Of course, it is also known to melt locally limited portions within a semiconductor with the aid of an electron beam, but up to now the melting with the aid of the electron beam was not used to melt narrow-limited areas in an amorphous semiconductor layer for the purpose of changing it into the crystalline state.
With the aid of the instant novel method it is possible in a simple way to produce semiconductor devices for various purposes, by changing several areas in the amorphous semiconductor layer into the crystalline state by local melting and cooling. The changed or converted areas may be lying so close to one another that it is possible to achieve transistor-like effects. In a simple way it is also possible to produce several semiconductor devices next to each other on onebase.
After the crystalline areas have been produced in the amorphous semiconductor layer, they are provided with contacts. The contacts may be produced in a known manner by evaporating metal layers, or by melting, welding or alloying wires or planar contacts of a suitable material.
Some examples of embodiments of the method according to the invention will now be explained in detail with reference to the accompanying drawings.
FIGS. 1 and 2, in a sectional view, show some semiconductor devices having diode effects, in different steps of manufacture.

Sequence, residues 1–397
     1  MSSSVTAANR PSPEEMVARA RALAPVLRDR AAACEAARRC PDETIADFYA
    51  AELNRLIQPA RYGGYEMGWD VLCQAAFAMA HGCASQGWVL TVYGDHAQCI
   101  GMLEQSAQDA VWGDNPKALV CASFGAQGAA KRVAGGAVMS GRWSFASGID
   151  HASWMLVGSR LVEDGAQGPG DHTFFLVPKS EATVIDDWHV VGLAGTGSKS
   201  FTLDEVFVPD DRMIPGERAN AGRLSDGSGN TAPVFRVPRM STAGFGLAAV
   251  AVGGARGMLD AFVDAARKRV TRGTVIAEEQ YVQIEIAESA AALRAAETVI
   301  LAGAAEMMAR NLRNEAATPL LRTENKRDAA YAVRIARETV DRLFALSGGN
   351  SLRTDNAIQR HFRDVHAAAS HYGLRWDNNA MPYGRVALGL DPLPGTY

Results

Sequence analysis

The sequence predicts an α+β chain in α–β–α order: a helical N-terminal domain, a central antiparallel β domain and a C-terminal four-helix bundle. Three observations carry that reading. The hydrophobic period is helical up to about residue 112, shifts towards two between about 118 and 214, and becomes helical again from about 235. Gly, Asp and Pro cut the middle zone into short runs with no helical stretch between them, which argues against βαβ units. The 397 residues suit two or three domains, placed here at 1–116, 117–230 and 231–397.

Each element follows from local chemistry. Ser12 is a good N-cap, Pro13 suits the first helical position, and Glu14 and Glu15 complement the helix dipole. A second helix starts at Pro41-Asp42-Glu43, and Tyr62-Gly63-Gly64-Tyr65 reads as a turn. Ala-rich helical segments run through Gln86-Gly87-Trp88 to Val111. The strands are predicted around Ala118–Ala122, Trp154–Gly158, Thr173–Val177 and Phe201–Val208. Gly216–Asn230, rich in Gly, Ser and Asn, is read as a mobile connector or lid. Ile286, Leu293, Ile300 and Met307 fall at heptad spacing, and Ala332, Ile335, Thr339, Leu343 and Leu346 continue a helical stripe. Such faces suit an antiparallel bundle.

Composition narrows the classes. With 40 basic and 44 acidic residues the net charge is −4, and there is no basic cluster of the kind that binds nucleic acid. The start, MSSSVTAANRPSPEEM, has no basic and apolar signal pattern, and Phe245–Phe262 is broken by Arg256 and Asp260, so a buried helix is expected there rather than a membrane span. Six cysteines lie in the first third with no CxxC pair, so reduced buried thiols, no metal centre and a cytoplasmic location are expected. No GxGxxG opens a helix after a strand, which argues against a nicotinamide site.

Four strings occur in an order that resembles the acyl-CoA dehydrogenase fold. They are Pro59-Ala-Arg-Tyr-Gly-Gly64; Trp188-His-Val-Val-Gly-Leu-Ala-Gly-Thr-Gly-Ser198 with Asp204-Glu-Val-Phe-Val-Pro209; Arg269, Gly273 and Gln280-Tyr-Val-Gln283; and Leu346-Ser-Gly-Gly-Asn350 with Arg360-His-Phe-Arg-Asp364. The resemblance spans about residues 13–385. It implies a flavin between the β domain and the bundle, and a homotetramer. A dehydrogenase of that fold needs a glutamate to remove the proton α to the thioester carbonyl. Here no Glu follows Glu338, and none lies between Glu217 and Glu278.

FIG. 3, in a sectional view, shows the manufacture of a semiconductor device having a transistor-like elfect.
FIG. 4, in a sectional view, shows another type of embodiment of a semiconductor device having a transistorlike effect.
FIGS. 5a and 5b, in both a top and sectional view, show an arrangement in which several semiconductor diodes are disposed on one common base plate.
In accordance with the principles of the invention, an amorphous semiconductor layer is evaporated onto a crystalline semiconductor layer of predetermined conductivity type. The amorphous layer contains additives for producing a conductivity type which is in opposition to that of the crystalline semiconductor layer. The crystalline semiconductor layer may be of the monocrystalline of poly-crystalline type. For example, if the crystalline semiconductor layer is of the n-type conductivity then, onto the latter, there is evaporated an amorphous semiconductor layer with additives producing a p-type conductivity in the respective semiconductor. Subsequently thereto, narrow restricted areas in the amorphous semiconductor layer are melted, preferably by the effect of a sharply focussed and highly accelerated electron beam. The time of action of the electron beam only needs to be very short, because the thin amorphous semiconductor layer is very quickly heated to its melting point. In this way very small spot-shaped areas can be melted in the amorphous semiconductor layer. During the melting process, the electron beam may also be deflected, or the base may be moved in a suitable way, so that areas of any suitable shape and size can be melted. If, during the movement of the base, or during the deflection of the electron beam, the beam is pulsed, it is possible to obtain numerous spot-shaped melting zones next to each other, as will be described hereinafter with reference to FIGS. 5a and 5b.